PowerPoint Slides for: Intensive Home Hemodialysis Results in Regression of Left Ventricular Hypertrophy and Better Clinical Outcomes

2016-09-20T09:35:12Z (GMT) by Trinh E. Chan C.T.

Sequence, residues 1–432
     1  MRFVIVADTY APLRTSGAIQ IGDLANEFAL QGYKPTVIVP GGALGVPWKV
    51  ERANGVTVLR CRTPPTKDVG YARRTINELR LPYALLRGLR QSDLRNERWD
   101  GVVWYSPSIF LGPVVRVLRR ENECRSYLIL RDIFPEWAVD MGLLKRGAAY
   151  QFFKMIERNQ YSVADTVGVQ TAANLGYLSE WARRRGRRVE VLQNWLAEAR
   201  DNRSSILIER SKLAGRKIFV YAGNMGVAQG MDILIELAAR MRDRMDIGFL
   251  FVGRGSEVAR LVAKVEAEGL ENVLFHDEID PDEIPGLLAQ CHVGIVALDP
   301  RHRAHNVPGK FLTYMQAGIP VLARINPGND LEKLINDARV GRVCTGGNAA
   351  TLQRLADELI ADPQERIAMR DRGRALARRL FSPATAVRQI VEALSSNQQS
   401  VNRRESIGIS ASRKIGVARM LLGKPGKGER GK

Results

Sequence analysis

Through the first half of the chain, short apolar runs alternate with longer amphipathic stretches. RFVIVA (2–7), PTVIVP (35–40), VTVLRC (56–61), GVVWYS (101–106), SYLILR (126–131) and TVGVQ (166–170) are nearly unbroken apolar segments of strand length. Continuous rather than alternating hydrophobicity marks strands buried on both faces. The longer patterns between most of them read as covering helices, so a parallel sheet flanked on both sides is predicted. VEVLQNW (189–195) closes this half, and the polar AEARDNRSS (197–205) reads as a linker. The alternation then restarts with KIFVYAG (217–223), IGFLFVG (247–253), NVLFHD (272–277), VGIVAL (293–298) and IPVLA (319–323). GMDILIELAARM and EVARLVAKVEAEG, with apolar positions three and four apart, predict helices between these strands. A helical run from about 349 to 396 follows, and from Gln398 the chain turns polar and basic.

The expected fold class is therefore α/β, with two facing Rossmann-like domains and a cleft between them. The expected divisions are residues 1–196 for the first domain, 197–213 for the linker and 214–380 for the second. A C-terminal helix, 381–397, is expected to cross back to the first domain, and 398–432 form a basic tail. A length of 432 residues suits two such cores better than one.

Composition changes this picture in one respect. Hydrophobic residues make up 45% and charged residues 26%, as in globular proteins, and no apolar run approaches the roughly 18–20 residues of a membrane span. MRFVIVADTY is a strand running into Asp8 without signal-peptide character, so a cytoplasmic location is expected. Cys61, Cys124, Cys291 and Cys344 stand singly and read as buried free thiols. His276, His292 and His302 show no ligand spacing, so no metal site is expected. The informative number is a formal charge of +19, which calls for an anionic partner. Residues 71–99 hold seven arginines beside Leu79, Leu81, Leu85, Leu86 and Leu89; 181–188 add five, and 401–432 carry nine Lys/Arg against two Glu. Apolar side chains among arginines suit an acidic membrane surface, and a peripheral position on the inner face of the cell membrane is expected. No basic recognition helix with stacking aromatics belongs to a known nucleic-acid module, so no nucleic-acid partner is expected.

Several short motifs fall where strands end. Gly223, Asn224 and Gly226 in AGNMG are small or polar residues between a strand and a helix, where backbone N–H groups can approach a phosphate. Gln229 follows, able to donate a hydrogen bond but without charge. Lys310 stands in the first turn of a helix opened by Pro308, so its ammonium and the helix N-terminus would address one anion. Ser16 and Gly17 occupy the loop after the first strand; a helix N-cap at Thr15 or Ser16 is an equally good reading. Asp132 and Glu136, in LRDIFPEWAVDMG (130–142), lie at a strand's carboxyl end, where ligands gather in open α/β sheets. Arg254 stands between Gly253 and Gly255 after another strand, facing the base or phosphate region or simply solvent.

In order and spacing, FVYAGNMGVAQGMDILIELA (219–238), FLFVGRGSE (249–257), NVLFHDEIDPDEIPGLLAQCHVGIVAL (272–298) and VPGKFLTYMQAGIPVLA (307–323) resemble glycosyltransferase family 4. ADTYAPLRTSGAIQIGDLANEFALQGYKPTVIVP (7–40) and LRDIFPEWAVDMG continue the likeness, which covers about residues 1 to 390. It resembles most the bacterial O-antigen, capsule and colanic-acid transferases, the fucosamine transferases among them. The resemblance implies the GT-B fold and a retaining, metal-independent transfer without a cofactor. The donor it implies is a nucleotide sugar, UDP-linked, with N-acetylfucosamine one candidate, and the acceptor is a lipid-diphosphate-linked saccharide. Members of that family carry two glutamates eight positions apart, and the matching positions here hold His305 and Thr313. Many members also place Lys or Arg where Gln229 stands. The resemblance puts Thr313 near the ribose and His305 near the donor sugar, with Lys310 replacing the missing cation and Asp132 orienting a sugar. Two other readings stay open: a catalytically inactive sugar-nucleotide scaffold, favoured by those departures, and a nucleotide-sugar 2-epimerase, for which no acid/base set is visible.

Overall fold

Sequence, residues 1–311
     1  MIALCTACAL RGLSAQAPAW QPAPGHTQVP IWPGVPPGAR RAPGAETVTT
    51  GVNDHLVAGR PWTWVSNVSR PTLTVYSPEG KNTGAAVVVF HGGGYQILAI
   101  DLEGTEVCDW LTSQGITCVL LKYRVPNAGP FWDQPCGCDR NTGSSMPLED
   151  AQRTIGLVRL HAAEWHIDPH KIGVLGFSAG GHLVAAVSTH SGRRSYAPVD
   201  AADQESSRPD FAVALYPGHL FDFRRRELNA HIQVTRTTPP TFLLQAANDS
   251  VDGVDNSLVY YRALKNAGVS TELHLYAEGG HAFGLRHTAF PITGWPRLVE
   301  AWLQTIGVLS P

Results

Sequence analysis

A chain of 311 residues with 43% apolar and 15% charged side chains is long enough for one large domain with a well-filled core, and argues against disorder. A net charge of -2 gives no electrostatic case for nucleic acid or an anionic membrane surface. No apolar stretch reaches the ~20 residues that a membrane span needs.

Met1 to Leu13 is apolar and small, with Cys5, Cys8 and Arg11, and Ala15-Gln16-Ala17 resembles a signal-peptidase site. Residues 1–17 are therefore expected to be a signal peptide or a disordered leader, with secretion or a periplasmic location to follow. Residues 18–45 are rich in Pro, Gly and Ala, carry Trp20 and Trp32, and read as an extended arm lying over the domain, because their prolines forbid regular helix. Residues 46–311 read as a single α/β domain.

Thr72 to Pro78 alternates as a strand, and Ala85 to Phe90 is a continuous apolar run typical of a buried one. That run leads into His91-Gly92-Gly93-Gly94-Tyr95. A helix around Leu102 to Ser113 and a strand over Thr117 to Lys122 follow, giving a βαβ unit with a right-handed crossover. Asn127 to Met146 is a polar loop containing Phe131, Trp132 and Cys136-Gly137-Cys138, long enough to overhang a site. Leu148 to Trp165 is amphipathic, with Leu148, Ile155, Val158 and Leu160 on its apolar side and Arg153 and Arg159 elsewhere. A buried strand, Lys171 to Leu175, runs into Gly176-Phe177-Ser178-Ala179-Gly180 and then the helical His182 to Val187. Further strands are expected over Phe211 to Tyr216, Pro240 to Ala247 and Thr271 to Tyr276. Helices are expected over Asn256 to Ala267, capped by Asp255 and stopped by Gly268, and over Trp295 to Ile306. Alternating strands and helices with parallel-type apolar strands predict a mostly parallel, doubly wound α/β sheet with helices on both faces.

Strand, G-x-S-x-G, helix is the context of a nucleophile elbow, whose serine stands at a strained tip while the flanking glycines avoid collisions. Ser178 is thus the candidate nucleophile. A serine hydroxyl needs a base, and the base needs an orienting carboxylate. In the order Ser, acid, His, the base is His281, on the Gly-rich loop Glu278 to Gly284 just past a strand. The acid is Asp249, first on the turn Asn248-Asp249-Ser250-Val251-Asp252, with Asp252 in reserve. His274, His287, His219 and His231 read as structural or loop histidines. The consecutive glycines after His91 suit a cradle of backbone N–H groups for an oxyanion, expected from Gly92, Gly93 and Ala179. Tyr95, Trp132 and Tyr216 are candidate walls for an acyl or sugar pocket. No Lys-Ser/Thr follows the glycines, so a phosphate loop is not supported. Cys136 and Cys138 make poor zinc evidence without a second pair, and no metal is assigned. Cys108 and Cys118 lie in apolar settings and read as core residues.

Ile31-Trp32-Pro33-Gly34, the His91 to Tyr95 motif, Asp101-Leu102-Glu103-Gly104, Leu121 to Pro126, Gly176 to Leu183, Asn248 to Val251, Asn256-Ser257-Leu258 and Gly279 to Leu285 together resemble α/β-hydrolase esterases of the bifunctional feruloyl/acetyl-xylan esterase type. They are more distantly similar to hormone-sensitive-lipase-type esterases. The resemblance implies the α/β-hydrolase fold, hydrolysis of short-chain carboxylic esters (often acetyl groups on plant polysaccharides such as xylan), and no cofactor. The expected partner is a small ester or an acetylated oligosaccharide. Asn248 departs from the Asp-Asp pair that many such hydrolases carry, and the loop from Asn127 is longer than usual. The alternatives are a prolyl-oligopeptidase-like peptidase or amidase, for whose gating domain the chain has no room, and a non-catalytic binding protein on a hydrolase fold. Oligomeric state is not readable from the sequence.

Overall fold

Background: Left ventricular hypertrophy (LVH) is an independent risk factor for mortality and cardiovascular events in patients with end-stage renal disease. Studies have shown that frequent hemodialysis leads to LVH regression, but the impact of left ventricular mass (LVM) regression on clinical outcomes remains unknown.Methods: This observational cohort study assessed the impact of LVH regression on the composite outcome of time to all-cause mortality, technique failure or cardiovascular hospitalization in patients on home hemodialysis. LVH regression was defined as either a reduction of more than 10% in LVM in patients with LVH at baseline or prevention of LVH in those without LVH at baseline. Risk factors associated with progression of LVM were also examined. Results: We studied 144 intensive hemodialysis patients between 1999 and 2012 with a mean follow-up of 4.7 years. Eighty-seven patients (60.4%) had LVH regression or prevention and 57 patients (39.6%) had LVH progression. In a multivariate analysis, smoking (OR 2.78, 95% CI 1.06-7.36) and presence of LVH at baseline (OR 2.21, 95% CI 1.06-4.59) were significant predictors for LVM progression. Sixteen patients (18.4%) in the regressor group and 19 patients (33.3%) in the progressor group developed the composite end point. When adjusted for age and diabetes, regression was significantly associated with a decreased risk (hazards ratio (HR) 0.42, 95% CI 0.21-0.84) for the composite end point. Regression was also significantly associated with a decreased risk of death in the adjusted analysis (HR 0.20, 95% CI 0.06-0.67). Conclusions: Regression of LVH with intensive hemodialysis is associated with favorable clinical outcomes.